The Legal Profession’s “Biggest Merger” has “Gone Remarkably Well” but Challenges Remain
A year after the legal profession’s “biggest merger”—between Lovells and Hogan & Hartson—the co-chief executive of the new Hogan Lovells, David Harris, reflects on the merger and the changing global legal landscape. The merger, which was completed in May 2010, created the world’s seventh-biggest law firm, with 2,500 lawyers and annual revenues of $1.6 billion. Hogan Lovells “was the largest of a handful of transatlantic combinations in the past few years that, some observers believe, are the first of a wave of mergers that will result as the globalization of the legal industry accelerates,” according to the Times. Harris says that after the merger “we saw an opportunity to reposition the firm on a global level, with a greater ability to compete with what we believe will be a much smaller number of global players for the high-end work.” One remaining challenge for the firm, according to Harris, is to “be recognized as competing effectively for the biggest M&A work.”
Percentage of British Firms Using LPOs Has Tripled in the Last Two Years
The percentage of British law firms that outsource legal work has tripled from 5 to 15 percent in the last two years, according to a recent survey of 575 lawyers by Media Research Legal Week and Integreon, a legal process outsourcing provider. The survey also revealed that only 6 percent of in-house legal teams reported outsourcing legal work. Both law firms and in-house legal departments expect to increase legal outsourcing next year. The ABA Journal reports that “although cost pressure is the primary driver of LPO use, lack of consistent quality and data security concerns remain significant barriers.”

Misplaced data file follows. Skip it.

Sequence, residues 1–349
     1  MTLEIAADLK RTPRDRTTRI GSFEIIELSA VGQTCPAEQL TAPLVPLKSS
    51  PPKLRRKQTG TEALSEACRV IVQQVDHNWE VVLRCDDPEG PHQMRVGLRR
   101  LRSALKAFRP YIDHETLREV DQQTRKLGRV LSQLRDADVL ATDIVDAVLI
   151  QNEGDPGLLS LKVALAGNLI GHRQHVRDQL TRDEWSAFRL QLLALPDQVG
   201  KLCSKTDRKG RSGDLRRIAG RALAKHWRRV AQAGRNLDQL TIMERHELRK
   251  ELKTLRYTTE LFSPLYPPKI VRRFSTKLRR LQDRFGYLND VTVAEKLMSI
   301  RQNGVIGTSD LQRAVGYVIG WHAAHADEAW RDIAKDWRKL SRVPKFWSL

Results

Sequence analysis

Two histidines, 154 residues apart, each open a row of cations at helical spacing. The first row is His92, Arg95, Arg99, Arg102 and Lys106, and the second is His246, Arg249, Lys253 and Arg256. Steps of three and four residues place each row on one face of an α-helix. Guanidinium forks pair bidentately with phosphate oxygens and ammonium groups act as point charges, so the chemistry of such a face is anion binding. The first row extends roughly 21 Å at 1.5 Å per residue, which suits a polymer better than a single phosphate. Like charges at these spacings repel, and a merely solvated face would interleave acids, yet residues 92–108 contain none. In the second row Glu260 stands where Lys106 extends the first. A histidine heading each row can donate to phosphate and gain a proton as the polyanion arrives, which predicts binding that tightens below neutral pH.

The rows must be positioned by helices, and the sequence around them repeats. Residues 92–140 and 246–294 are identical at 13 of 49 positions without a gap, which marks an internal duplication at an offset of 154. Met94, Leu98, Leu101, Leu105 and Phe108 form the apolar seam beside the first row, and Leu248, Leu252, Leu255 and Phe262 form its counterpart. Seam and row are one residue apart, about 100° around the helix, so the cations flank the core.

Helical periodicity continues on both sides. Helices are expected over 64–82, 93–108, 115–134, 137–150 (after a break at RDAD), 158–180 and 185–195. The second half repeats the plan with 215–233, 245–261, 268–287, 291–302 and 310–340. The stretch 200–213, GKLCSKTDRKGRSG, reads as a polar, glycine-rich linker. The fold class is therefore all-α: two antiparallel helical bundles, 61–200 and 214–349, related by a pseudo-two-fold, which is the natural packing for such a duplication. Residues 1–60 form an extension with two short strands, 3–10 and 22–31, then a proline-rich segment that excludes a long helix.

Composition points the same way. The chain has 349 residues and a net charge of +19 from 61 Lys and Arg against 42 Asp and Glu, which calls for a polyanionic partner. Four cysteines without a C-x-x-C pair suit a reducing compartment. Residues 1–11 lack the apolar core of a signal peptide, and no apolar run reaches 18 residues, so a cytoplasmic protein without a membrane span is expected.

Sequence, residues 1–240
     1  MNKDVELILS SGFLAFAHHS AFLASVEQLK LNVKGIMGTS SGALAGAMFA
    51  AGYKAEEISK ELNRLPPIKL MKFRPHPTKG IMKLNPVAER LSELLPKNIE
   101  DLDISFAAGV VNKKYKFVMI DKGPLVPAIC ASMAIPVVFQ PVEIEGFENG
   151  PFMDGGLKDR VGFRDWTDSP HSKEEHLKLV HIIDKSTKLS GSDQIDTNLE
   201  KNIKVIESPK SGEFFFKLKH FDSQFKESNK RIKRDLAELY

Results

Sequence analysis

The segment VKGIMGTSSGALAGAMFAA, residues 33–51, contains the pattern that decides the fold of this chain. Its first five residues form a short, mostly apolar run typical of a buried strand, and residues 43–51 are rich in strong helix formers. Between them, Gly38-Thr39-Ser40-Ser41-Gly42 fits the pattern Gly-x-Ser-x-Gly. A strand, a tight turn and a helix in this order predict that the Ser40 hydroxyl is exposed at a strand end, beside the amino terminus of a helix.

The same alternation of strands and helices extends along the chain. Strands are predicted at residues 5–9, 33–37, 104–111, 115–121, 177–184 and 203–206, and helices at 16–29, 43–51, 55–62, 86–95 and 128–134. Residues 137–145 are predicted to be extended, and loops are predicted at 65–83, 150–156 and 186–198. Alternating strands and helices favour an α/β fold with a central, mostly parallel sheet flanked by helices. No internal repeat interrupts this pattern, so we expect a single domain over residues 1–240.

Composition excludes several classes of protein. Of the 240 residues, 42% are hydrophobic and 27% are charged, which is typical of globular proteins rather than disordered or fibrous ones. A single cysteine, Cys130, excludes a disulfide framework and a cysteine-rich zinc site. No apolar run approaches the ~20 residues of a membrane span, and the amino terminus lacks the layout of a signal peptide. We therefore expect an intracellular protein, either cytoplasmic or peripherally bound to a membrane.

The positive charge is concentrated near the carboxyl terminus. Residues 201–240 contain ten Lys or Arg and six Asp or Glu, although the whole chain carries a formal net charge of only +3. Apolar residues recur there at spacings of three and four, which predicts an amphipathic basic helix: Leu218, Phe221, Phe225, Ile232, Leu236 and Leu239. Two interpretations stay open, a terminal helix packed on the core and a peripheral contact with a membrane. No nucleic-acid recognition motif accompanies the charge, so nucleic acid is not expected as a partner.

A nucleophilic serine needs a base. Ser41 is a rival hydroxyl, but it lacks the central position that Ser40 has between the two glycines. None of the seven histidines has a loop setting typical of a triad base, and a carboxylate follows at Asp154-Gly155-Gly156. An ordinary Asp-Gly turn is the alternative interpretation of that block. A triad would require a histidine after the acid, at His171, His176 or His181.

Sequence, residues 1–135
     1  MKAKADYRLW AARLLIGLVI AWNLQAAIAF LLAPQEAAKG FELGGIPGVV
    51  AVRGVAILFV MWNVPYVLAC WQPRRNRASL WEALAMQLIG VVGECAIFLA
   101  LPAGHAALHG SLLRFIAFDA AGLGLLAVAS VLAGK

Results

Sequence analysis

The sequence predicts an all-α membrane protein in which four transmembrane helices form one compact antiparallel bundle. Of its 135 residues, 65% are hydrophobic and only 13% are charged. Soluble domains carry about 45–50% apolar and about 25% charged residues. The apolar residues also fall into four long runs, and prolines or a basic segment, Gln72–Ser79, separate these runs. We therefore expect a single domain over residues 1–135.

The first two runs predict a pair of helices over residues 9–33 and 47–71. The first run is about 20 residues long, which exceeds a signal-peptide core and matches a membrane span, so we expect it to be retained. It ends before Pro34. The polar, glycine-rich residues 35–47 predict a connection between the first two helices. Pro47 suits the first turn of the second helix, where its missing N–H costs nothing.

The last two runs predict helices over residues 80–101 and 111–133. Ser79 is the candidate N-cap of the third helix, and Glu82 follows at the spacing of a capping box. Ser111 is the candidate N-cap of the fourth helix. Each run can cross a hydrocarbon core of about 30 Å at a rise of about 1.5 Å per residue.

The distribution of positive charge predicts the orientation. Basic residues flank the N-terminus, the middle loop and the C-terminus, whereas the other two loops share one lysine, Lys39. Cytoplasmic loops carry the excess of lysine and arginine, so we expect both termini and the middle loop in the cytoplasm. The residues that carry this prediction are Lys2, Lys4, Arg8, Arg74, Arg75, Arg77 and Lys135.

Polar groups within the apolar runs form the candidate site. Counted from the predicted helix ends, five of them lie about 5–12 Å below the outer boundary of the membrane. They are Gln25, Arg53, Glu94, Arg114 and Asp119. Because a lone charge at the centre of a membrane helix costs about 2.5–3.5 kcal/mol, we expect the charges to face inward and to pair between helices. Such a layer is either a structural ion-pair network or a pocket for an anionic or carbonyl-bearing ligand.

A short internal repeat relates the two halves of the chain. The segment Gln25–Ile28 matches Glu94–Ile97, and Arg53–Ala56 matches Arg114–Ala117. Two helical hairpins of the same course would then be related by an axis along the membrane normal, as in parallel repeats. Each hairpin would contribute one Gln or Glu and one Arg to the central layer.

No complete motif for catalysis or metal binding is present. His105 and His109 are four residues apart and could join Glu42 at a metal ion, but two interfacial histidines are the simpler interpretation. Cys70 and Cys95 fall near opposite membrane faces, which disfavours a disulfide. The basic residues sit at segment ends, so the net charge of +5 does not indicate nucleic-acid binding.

High-Cost Law Suits are “Back in Vogue”
Wall Street Journal Law Blog
“High-cost suits are back in vogue,” according to the Wall Street Journal. Litigation work is the law industry’s “single most important source of revenue,” comprising about one-third of all billable hours among US law firms during the first quarter of 2011 (corporate work was flat, while capital markets and bankruptcy work declined). While litigation had been thought to be a “counter-cyclical” practice, the recent recession showed that “many clients in fact shied away from high-cost litigation, most likely because the credit crisis constrained the availability of capital,” according to sources cited by the Journal.